It began in 2010 as part of my desultory “Mrs. Project.” In the nineteenth century, Gaskell’s work was published under the name “Mrs Gaskell,” not Elizabeth. The Mrs. title was also de rigueur for Victorian writers Mrs. Oliphant, Mrs. Humphry Ward, Mrs. Browning, and Mrs. Campbell Praed.
I have been considering Gaskell’s work because I am reading Nell Stevens’ new book, The Victorian and the Romantic, which is part fictional biography of Gaskell, part memoir of Stevens’s studies of Gaskell for her Ph.D.
I recently reread Ruth, Gaskell’s second novel, in which she treats the subject of pregnancy out of wedlock with sympathy and intelligence. Though much has changed since the nineteenth century, unintentional pregnancy remains a social problem, especially as states slash funding for Planned Parenthood clinics, which provide health care for low-income women.
The first hundred pages of this intriguing but uneven novel are pitch-perfect. Gaskell’s style is simple and serviceable: the plot races along, the characters are vivid, and there is much pathos. The unmarried heroine, Ruth Hilton, is a teenage orphan with no future. After her parents die, her guardian sends her away to be a seamstress in a sweatshop. The girls work impossibly long hours–they sometimes work till 2 a.m. and then get up at dawn. One night Ruth is chosen to go to a ball to work in the cloakroom sewing rips and repairing ladies’ gowns. And then a wealthy young man, Mr. Bellingham, falls for her beauty.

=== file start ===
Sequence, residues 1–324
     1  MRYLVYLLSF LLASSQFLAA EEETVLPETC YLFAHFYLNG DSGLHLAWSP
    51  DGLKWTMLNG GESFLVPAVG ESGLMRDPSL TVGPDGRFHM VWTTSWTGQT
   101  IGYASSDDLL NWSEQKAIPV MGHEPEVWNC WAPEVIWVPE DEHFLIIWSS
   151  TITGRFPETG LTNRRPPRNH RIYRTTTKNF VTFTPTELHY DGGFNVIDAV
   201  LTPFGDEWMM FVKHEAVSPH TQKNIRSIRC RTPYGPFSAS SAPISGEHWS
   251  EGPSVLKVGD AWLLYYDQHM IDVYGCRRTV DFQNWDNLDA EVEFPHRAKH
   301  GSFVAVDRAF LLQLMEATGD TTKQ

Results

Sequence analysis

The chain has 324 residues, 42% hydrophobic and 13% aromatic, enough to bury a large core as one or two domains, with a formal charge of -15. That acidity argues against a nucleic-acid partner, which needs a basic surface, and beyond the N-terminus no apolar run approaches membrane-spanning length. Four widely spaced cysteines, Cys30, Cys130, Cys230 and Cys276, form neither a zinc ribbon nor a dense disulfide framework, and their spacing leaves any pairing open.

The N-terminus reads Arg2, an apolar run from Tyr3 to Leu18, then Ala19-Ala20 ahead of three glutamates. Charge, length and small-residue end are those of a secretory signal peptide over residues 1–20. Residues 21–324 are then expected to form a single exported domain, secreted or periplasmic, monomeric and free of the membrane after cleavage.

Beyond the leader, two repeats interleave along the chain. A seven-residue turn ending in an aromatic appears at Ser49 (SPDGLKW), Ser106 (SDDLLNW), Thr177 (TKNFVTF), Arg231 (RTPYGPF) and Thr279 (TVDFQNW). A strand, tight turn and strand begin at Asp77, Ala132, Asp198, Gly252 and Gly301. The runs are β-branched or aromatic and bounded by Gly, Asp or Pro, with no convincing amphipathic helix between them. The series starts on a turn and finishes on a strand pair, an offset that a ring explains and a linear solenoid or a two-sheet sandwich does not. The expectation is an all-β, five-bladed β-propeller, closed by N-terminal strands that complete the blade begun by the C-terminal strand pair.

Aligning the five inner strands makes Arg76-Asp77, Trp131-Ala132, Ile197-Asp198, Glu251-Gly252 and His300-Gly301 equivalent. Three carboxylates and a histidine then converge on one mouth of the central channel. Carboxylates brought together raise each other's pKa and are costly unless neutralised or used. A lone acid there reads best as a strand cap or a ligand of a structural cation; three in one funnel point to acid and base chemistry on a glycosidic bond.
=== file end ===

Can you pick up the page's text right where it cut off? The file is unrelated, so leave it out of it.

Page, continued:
Poor Ruth! Her boss, Mrs. Mason, fires her after seeing Mr Bellingham holding Ruth’s arm as they walk around town. And so Ruth becomes homeless. Mr. Bellingham, whom she loves and regards as her saviour, whirls her away to London. Then they travel to Wales, where Ruth admries the countryside and takes long walks.
Naturally, this idyll cannot last forever. Mr. Bellingham falls ill, and his mother takes him away. He never returns to Ruth, because she was just a passing phase. After he deserts her, she becomes very ill, and she learns she is pregnant. Mr. Benson, an upstanding minister, and his sister, Faith, take her into their home. After a discussion of the relative morality of telling the truth about Ruth’s pregnancy (and ruining her life), or passing her off as a widow and a relative, they do the latter. And it works out very well: Ruth blooms under their care, and they love her son Leonard. She even gets a day job as governess for a wealthy family. That is, until… Yes, the Mrs. title can serve her only so long.
There is a draggy patch in the middle, but the pace picks up again and I really loved this little book. It is a predecessor of Thomas Hardy’s classic, Tess of the D’Urbervilles.